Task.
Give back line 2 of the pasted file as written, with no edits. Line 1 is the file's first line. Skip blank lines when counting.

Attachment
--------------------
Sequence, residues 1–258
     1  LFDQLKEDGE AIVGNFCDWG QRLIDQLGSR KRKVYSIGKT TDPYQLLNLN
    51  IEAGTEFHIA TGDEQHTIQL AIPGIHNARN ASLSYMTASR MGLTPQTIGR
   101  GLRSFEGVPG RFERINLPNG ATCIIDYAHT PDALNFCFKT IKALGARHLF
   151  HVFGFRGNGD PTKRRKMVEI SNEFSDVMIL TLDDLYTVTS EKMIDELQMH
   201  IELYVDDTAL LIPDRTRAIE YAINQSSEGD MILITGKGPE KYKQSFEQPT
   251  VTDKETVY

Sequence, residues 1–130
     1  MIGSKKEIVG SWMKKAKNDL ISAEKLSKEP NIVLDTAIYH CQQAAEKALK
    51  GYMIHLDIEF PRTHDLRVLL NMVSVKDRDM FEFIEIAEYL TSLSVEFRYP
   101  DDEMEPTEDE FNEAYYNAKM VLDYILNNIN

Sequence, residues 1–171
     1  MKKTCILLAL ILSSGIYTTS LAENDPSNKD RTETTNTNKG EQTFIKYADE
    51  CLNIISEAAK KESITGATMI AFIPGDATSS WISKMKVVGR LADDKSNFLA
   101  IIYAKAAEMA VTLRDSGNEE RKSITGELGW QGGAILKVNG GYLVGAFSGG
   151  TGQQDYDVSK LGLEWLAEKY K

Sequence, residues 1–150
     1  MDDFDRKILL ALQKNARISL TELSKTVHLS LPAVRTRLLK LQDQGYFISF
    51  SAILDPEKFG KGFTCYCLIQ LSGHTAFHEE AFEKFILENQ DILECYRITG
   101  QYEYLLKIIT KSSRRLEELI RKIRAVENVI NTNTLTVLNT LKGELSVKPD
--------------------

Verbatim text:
     1  LFDQLKEDGE AIVGNFCDWG QRLIDQLGSR KRKVYSIGKT TDPYQLLNLN